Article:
1. Ask: Am I ready? The happiest relationships are built on a foundation of two happy and healthy people who are ready to take on the challenges of a new life together. Those who are ready to be in a long-term relationship have dealt with their own personal challenges and issues and are not looking for someone to make them happy or to “fix” them in some way (or vice versa).

2. Take time. In order to really get to know someone, it takes talking (mutual self-disclosure) + being together (in a variety of situations) + time (at least 90 days) (Van Epp, 2007). Because we are usually on our best behavior when we first meet and it takes time for patterns of behavior to emerge, this is a process that can’t be rushed, even if you spend a lot of time together.

3. Be extra cautious in long-distance relationships. While online dating is a common way to meet people, steer clear of commitment without spending a lot of time in person in many different situations. It is easier to show only our best selves in long-distance relationships.

4. Play detective. Ask deep and meaningful questions that will help you know if you are compatible with the person you are dating. For example, check out these 10 Questions to Ask Before Saying I Do. To make sure we aren’t biased about how we are viewing the person we are dating, it may also be helpful to think about how others might view him or her, or even ask others about their opinions and listen for warning signs you may have missed.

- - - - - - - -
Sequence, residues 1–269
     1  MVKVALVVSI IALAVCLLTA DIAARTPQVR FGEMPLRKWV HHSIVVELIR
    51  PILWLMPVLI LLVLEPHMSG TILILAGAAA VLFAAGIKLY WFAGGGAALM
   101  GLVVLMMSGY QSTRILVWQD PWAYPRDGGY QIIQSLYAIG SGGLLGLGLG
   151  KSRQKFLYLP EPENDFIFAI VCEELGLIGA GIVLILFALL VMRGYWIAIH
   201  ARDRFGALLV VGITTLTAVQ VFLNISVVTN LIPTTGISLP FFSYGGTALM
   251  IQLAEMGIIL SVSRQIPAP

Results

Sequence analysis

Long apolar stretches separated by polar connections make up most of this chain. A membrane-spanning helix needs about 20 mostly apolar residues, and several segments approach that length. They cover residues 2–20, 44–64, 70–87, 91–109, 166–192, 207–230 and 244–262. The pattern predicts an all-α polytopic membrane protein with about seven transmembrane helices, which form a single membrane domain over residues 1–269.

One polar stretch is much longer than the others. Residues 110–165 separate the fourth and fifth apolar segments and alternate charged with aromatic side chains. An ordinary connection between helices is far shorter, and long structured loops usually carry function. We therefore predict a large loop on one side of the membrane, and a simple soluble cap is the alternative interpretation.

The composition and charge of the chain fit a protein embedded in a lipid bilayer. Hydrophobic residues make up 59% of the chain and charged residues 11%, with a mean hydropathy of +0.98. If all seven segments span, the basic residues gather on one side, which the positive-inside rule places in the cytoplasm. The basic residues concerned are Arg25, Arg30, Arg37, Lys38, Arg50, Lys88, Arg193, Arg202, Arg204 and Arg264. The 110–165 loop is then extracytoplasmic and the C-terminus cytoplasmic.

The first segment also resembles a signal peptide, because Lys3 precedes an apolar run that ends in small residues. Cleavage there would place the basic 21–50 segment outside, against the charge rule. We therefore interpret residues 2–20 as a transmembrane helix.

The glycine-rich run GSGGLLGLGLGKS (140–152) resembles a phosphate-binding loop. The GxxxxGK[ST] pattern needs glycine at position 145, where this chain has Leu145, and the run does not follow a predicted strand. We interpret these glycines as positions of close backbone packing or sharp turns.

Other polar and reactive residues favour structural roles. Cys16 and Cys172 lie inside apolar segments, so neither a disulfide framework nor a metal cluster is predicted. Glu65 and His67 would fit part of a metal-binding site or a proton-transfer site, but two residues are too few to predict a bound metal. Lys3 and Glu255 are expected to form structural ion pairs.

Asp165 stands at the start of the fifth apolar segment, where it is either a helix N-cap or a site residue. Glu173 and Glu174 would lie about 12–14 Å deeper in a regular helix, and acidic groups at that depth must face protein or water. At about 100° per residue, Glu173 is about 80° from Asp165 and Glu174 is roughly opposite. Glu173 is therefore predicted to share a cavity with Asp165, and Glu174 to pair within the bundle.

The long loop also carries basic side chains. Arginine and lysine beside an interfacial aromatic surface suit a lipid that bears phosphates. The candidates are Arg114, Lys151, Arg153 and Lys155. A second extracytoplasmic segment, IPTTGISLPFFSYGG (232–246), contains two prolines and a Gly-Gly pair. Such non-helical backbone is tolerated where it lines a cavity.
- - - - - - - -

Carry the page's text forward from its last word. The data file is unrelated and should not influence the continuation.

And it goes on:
5. Start to become part of the family. Much of who we are was learned from growing up in our family, so we can learn a lot about what someone will be like as a partner and parent from observing, asking questions and spending time with their family. If there are concerns about a partner’s family or negative traits that a partner has learned from his or her family, you may want to think twice before getting too serious. While change is possible, it takes time and effort, and it is much easier to change before getting into a serious relationship.

6. Watch for personality compatibility. While we probably won’t have everything in common with our partner, happy relationships often have many of these traits in common: emotional temperament, sense of humor, intelligence, energy levels, similar recreation interests and how affection is expressed.